1. Students between the ages of 17-24 are not financially independent of their families and rely on them for funding and help with college tuition as well as funding for housing, food, etc.
2. Students between these ages are also reliant upon other resources for funding including financial aid, student loans, credit, etc. Typically, the parent may assert control over these monetary pieces on behalf of the student OR threaten to remove them from the student if the student openly identifies as LGBTQ.
3. These families are often staunchly conservative and Christian themselves, and the student has been immersed from birth into conservative Christian ideologies. They may even believe the same things their parents do and hold to those same values while intentionally remaining closeted and believing that being LGBTQIA is a sin.
4. Most LGBTQIA folks don’t even discover or realize they’re Gay/Queer/Trans until they are in college. If they discover this at a conservative Christian university, this makes that realization all the more dangerous due to removal of basic human rights and non-affirming theology. There are limited safe spaces for the student when they realize this. Most administrators on campus would council an LGBTQ+ student toward their doctrinal theological beliefs and away from accepting their identity. This is in direct contradiction to what the American Psychological Association recommends: https://www.apa.org/pi/lgbt/resources/guidelines. Ironically, many of these Christian universities are accredited by the APA, yet do not follow these strict guidelines to maintain that accreditation.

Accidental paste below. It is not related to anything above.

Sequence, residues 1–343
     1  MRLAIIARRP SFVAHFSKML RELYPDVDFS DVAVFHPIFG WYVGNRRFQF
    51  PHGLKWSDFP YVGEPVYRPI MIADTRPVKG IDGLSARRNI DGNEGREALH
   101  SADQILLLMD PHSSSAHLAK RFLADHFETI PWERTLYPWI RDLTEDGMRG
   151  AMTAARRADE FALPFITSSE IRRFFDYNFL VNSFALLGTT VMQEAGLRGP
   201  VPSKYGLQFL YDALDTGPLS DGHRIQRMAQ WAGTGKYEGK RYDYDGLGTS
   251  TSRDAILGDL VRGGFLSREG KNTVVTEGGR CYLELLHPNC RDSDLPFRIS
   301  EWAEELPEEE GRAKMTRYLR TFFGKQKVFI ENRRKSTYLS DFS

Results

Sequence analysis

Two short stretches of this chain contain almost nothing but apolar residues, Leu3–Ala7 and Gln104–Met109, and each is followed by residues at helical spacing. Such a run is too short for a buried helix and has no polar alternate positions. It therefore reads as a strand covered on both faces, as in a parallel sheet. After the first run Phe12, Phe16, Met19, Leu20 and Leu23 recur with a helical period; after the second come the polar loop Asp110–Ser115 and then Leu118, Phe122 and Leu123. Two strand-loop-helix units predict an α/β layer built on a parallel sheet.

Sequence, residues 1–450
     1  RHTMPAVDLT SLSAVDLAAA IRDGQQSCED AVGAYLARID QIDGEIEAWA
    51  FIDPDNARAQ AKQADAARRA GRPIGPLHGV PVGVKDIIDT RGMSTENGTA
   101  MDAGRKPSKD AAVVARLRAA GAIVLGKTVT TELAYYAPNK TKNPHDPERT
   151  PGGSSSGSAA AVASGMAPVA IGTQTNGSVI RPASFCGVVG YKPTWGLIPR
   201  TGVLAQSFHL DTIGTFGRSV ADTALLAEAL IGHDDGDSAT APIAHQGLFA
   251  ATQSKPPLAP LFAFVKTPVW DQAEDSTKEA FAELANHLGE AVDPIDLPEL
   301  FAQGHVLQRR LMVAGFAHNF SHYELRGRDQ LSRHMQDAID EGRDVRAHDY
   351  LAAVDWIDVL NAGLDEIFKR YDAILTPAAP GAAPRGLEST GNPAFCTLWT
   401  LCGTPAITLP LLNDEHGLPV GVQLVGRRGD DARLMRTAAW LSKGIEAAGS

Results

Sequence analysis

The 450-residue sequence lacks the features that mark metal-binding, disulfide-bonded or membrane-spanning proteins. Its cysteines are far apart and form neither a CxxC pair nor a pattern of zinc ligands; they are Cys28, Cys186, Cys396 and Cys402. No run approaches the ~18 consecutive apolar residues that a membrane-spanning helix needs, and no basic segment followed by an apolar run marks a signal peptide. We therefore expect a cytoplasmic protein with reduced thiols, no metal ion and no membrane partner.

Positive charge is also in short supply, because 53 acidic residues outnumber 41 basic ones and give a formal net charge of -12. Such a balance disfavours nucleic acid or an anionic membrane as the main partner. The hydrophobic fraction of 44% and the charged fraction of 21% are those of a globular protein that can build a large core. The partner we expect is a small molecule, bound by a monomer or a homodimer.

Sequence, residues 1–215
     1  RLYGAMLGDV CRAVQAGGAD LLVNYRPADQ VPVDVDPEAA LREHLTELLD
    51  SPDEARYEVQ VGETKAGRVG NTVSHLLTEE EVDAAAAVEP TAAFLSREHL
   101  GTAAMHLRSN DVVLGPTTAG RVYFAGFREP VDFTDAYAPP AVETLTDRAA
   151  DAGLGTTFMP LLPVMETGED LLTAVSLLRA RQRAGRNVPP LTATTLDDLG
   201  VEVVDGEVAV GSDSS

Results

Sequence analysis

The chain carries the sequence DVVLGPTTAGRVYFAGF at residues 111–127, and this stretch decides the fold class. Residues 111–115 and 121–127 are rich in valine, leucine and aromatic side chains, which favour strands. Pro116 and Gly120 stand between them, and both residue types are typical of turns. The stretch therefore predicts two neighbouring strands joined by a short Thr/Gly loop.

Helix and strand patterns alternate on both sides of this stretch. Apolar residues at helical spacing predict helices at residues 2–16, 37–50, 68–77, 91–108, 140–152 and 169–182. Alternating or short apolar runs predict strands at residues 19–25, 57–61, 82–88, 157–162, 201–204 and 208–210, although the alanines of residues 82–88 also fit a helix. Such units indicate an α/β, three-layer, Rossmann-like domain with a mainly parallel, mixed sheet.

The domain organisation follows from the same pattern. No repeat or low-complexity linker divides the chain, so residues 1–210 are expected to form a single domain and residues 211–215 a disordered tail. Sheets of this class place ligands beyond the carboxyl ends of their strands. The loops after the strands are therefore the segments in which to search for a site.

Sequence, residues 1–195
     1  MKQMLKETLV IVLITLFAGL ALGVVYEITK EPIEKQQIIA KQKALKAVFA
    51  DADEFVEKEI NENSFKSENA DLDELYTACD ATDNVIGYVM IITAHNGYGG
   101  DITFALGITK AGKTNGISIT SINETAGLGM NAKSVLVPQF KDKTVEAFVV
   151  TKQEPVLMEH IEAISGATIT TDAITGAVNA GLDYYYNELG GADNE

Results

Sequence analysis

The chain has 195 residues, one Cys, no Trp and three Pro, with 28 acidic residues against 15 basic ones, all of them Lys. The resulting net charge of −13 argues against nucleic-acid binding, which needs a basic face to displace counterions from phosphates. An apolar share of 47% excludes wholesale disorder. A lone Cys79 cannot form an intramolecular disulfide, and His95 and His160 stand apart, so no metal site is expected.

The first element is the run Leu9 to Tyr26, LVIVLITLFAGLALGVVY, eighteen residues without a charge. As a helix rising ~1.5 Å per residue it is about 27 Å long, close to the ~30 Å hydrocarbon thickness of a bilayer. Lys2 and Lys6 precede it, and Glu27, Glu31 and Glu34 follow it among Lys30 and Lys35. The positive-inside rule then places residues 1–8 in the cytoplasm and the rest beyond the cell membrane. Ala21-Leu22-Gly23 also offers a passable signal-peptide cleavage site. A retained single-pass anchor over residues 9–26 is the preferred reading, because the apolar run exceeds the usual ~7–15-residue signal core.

5. Christian universities have no qualms about courting and offering scholarships to pretty much anyone under the sun. There is rarely an informed consent procedure, making these students believe that they are desirable for these campuses regardless of how they may identify. In other words, Christian universities are perfectly happy with taking your money and do not use discretion when enticing a student to apply.
6. Many of these students ARE Christian and they desire to have that faith remain in tact. They are navigating a very difficult space of faith and sexuality and reconciling both of those critical pieces of their identities. Desiring to be in a faith community is not surprising.
7. Why not just transfer? It sounds so easy, but it’s not. Transferring requires a considerable amount of uprooting and financial devastation. First of all, that requires a full logistical relocation depending on where they are. Furthermore, transferring credits to another university is difficult. It prolongs the student’s time in the undergrad system which means the financial burden of tuition is extended and graduation dates are delayed as a result. (Not all universities will accept the full amount of credits being transferred to the new school).
The question we should be asking is how we can support LGBTQIA students in these spaces who very often have little if any communities who support and love them. Many times they remain closeted. Statistically, it has been demonstrated that against their heterosexual peers, Queer students have much higher rates of isolation, depression, anxiety, suicidal ideation, and risk for substance abuse. Outing themselves on campus is dangerous. The threat of reparative therapy counseling is REAL. The threat of being having scholarships removed is REAL. The threat of expulsion and being outed to parents is REAL. The threat of losing resources to live and survive is REAL.
Consider becoming a patron of my work to support these students and for the education I have provided you by visiting this link: https://www.patreon.com/ErinGreen
For the more extensive work done with these students, visit http://bravecommons.org and join us in the movement. You can donate there as well!